Regular: Hi, Med, Lo, Moonlight
Special: Turbo, Strobe, SOS, Beacon

Switching between Regular/Special mode sets is done by quickly loosening and tightening the head from tight 4 times rapidly (i.e. quickly switching between Primary and Secondary 4 times in a row). You have to do this pretty fast, or you won’t switch between mode sets. You also need to make sure you do the full quarter turn each time, or the switch won’t register (i.e. need to see the secondary mode).

On Med/Hi/Turbo, I can detect no sign of PWM flicker by eye or with my sound-card oscilloscope, and I believe the Maelstrom G5 is current-controlled at these levels. On Lo and Moonlight, I can detect evidence of PWM when shinning at a fan, but my sound-card oscilloscope is unable to read the frequency (which means it must be >30KHz at least). 4Sevens informs me that the Lo mode doesn't use PWM on the shipping lights. Either way, certainly not a problem – and this is very consistent with other 4Sevens lights (e.g. Quark series).

Strobe


SOS


Beacon


Strobe was measured at a fairly typical 9.5 Hz. The Beacon is basically a pulse of light that lasts for ~1 sec, issued at ~10 sec intervals.

Testing Method: All my output numbers are relative for my home-made light box setup, a la Quickbeam's flashlight reviews method. You can directly compare all my relative output values from different reviews - i.e. an output value of "10" in one graph is the same as "10" in another. All runtimes are done under a cooling fan.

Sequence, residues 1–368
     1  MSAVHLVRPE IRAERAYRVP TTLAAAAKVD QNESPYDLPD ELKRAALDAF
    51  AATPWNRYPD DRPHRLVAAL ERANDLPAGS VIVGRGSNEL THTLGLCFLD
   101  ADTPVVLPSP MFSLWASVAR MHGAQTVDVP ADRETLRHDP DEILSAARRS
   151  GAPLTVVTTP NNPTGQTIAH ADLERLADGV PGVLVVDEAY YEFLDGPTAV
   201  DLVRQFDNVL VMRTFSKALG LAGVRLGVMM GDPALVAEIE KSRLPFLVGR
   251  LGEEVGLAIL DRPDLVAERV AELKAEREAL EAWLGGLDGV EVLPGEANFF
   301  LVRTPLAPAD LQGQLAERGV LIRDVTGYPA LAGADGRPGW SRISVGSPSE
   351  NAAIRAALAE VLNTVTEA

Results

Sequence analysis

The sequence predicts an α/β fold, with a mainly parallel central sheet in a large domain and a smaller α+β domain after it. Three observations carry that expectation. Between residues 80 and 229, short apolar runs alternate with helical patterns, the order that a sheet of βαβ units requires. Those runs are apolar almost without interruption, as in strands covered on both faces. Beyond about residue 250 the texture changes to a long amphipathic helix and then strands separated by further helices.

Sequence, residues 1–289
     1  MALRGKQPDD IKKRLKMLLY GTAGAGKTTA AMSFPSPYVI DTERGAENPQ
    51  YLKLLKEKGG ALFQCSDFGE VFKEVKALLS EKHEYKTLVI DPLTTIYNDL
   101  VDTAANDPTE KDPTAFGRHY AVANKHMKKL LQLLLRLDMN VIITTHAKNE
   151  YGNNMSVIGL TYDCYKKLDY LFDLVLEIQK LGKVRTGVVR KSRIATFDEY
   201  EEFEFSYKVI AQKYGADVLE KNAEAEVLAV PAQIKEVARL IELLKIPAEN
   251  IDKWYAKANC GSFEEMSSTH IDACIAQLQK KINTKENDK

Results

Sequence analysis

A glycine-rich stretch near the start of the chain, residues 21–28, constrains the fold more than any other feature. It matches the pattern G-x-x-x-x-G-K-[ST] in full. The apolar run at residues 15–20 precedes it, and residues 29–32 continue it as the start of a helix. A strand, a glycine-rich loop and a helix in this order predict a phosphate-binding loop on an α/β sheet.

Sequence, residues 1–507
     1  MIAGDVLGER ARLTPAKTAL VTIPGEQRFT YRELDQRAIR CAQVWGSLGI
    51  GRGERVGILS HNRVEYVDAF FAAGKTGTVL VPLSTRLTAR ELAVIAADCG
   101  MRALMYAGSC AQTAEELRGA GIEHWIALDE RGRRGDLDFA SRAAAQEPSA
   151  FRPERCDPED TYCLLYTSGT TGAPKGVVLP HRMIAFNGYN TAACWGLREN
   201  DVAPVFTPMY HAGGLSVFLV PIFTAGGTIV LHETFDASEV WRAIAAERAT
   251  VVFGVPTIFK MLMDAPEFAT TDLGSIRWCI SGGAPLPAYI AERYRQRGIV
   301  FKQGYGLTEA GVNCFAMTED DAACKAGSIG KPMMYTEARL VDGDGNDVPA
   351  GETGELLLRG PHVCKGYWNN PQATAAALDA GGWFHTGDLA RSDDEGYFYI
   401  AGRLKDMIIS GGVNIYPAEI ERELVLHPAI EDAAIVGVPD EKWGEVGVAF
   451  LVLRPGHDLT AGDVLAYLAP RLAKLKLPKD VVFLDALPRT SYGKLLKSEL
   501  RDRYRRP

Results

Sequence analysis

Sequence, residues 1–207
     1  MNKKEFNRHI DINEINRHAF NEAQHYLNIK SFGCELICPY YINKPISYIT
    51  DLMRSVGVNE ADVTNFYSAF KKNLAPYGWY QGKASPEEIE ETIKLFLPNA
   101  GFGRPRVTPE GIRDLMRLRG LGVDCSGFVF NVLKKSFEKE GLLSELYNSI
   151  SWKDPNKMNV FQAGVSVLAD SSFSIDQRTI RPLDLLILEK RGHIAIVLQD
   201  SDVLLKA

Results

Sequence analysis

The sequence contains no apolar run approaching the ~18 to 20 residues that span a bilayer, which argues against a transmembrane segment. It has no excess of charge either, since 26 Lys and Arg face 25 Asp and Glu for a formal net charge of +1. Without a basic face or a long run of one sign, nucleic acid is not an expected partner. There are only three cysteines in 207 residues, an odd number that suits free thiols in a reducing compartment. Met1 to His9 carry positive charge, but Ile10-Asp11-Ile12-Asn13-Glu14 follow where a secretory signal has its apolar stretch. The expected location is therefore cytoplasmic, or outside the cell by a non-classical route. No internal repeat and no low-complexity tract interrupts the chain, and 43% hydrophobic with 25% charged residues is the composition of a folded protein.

Throw values were taken at 1 meter for all lights shown below. Scroll down for a discussion of the 5 meter throw values

Throw/Output Summary Chart:

UPDATE: Here is how the new Shipping Version compares to the original pre-release sample in my testing:



I will cut right to the chase – yes, max output on 18650 has increased compared to the pre-release sample. However, max output on 2xRCR/CR123A has decreased relative to the pre-release version.

Basically, all three battery options now give the same max output (which is intermediate to the various output levels of the pre-release version). Note that the differences are not huge – you would need a lightmeter to really see the difference. I suspect many will consider this an improvement, as it means you can now expect equivalent initial output regardless of battery source.